60. Ms Azib on behalf of the NHS Trust valiantly strove to support the EAT's conclusion. In my view that conclusion, although defensible on a literal reading of the Act, leads to an absurd result. Anyone alleging breach of section 146 (1) (a) or (b) is basing his or her claim upon past events. The employment tribunal therefore needs to know whether the union was independent at the relevant time. If that matter is disputed, on the EAT's analysis, the dispute can never be resolved. Section 6 prevents the Certification Officer from answering the vital question. Section 8 prevents the tribunal from doing so. If the EAT is correct, the status of the union in the past (perhaps even the very recent past) becomes a deep mystery which no-one is allowed to fathom.

61. I am not prepared to accept that Parliament, having created rights under section 146, then erected arbitrary barriers to prevent some meritorious claimants from enforcing those rights.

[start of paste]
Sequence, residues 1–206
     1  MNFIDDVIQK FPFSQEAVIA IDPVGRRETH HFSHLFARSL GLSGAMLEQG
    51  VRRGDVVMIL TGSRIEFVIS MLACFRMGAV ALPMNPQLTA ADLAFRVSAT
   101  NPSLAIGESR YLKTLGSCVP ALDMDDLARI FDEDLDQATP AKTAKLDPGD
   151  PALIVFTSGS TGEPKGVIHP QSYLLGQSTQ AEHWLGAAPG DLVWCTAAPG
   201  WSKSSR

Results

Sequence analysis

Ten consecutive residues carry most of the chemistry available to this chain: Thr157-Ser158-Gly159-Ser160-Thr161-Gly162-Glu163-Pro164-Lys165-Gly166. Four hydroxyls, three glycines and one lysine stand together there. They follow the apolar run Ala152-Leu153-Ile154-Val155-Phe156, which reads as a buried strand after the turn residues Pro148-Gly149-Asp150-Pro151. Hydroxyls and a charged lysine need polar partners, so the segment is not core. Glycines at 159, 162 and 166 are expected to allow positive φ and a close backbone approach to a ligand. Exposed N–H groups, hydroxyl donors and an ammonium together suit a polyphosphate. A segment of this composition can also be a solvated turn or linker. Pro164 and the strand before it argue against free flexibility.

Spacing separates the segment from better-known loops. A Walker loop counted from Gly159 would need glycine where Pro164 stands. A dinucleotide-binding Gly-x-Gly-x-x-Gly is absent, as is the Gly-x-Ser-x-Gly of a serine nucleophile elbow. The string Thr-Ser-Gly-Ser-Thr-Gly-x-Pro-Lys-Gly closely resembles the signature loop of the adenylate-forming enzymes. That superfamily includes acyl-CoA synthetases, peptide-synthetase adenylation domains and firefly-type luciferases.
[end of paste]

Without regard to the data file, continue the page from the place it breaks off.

62. What then is the solution to the conundrum? In my view, there are two solutions. First, for the reasons set out in Part 4 above, the issue of a certificate of independence on a particular date does not mean that the union was not independent before that date. Self-evidently the union's independence stretches back for some period before the issue of the certificate. In a case where an employment tribunal is dealing with events in the recent past, the Certification Officer's certificate should be taken as applying to those events. As Blue Circle and Association of H.S.D (Hatfield) Employees illustrate, evolution from dependence to independence is a gradual process. It does not happen overnight. If a union is certified to be independent on a particular date, it is inevitable that the union was independent for at the very least a modest period before that date. Employment tribunals must adopt a reasonable and common sense approach to this issue. Such an approach will usually lead to the conclusion that the Certification Officer's certificate issued during the course of the proceedings is applicable to the period which is under consideration. The short limitation period in employment tribunal proceedings usually means that the tribunal is investigating matters in the recent past.